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Nostalgia 77 The Nostalgia Sessions Vol.1 Review

Album. Released 2009.  

BBC Review

An intriguing success.

Colin Buttimer 2009

The appearance of veteran English artists Keith and Julie Tippett makes producer Benedic Lamdin's Nostalgia 77 Sessions an interesting prospect, with much of that promise realised over the album's 14 songs. The music covers the ground between blues, soul and jazz, but it's the left turns taken by the two stars that make it such an intriguing success.

Most immediately ear-catching is the brilliant piano solo taken by Keith Tippett on opener You Don't Just Dream When You Sleep. It's a real sit-up-and-notice experience that takes the music in a new, unexpected direction reminiscent of what may be Tippett's best known performance, his crucial contribution to King Crimson's Cat Food. Beginning with Julie Tippett's soul/blues-inflected vocals and Riaan Vosloo's rich bass tones, Keith steps in after a couple of minutes with slow single notes that spread out into a vigorous middle passage echoed in the outro.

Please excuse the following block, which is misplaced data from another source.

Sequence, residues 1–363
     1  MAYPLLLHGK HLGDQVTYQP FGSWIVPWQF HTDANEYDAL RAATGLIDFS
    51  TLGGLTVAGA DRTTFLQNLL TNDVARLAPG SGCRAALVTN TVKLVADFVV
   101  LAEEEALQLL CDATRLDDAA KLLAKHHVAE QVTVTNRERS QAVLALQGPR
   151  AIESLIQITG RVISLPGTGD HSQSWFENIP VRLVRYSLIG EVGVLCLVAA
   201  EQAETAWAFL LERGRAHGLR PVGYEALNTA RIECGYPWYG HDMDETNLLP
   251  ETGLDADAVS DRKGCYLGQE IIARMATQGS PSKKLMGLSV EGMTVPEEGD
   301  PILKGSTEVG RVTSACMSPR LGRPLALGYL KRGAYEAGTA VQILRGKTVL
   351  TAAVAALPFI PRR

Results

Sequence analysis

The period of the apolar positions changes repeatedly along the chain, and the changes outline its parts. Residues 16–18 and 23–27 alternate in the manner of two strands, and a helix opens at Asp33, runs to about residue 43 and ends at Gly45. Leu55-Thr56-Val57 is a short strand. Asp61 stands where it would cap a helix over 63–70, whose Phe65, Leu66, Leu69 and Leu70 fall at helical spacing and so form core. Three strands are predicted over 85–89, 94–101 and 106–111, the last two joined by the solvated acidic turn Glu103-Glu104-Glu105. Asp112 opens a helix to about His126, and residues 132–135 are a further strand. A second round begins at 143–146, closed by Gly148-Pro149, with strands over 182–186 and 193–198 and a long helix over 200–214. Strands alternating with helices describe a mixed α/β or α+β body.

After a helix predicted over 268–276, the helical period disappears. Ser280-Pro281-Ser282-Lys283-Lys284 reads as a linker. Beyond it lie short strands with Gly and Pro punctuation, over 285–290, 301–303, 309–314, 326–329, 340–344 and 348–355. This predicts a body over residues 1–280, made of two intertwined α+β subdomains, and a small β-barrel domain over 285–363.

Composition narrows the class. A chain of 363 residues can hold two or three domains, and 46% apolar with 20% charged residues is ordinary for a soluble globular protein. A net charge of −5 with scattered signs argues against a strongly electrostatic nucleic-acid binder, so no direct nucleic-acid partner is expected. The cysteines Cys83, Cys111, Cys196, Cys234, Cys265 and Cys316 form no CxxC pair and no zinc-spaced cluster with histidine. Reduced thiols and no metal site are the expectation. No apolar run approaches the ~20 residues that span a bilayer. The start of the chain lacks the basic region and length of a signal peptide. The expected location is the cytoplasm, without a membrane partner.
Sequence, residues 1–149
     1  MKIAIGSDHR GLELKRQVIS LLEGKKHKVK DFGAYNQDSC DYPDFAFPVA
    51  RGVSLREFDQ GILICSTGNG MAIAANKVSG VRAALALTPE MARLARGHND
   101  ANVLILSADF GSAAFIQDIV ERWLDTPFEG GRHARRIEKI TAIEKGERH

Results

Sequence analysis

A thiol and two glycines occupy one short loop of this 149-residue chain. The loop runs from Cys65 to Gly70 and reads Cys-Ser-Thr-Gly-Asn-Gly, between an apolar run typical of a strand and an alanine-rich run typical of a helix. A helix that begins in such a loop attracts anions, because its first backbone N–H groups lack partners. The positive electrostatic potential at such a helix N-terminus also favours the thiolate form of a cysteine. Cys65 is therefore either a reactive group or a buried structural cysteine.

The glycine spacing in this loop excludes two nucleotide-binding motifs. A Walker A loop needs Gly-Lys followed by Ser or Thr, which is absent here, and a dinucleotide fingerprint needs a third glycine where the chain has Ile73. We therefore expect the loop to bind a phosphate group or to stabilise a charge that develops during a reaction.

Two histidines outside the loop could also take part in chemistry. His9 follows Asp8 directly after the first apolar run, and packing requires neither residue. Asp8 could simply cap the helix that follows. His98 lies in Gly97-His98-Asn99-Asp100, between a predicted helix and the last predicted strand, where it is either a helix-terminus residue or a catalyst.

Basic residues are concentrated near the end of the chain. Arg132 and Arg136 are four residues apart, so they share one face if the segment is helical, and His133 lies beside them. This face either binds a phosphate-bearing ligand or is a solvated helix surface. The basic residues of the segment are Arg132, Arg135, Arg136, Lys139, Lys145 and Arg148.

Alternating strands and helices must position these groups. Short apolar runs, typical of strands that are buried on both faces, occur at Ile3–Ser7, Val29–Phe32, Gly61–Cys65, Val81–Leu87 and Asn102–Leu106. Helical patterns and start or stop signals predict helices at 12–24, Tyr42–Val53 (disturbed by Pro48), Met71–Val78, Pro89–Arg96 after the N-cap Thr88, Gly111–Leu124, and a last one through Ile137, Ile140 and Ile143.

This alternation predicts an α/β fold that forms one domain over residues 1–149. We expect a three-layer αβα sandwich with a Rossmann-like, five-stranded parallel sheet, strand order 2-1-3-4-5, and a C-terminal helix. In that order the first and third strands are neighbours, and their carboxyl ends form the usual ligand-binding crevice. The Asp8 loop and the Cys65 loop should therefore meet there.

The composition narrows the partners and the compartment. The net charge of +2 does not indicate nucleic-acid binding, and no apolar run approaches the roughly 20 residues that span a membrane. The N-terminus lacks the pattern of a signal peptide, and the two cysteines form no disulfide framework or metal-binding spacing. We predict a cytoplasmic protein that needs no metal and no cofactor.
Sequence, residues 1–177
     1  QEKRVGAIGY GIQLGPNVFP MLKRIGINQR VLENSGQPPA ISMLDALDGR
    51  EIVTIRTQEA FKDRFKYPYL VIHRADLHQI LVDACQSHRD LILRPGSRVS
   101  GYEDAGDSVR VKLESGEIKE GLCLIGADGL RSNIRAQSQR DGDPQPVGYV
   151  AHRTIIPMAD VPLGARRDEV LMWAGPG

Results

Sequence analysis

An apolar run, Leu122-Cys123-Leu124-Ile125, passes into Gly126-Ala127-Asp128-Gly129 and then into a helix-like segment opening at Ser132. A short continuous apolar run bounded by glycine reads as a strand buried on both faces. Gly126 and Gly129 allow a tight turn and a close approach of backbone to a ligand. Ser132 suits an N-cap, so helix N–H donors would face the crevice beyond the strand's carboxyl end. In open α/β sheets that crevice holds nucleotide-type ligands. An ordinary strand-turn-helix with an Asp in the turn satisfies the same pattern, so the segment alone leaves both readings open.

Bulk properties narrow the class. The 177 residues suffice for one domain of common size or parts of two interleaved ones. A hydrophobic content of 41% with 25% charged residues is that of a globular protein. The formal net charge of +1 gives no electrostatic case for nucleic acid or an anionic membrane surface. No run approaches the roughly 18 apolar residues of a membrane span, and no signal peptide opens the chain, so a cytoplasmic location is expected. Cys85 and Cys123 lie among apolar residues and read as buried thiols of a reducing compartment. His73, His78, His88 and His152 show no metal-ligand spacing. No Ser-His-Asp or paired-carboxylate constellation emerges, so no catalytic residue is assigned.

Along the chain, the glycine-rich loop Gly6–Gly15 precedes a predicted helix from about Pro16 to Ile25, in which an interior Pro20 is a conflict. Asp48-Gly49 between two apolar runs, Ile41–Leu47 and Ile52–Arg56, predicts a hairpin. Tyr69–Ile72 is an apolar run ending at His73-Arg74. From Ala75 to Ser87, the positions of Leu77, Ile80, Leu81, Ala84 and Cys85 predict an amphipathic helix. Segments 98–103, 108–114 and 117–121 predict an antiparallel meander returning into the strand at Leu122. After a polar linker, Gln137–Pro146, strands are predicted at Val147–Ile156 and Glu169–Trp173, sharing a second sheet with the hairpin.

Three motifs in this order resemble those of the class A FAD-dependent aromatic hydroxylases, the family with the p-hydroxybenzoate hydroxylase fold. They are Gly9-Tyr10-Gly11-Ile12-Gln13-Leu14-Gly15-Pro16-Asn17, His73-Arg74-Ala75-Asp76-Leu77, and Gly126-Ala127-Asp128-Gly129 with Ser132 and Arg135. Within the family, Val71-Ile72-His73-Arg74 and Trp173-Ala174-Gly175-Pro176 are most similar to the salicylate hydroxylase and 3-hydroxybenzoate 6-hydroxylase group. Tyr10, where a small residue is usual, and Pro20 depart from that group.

Also remarkable is the strikingly mellifluous free passage that concludes the initially jazzy Sketch For Gary/Billy Goes To Town. It's an approach that finds its echo in the contemplative Lapis Blue, but instead of good-natured angularity, Julie Tippett sings gently into silence. Soothing The Rattlesnake sounds like it might do just that with keening and cooing accompanied by sparse, long-held notes on piano and bass. The group create a magical space that's both eery and strangely inviting. These sessions are notable for the balance they achieve between melody and freedom and the unexpected, but natural way in which one develops from the other.

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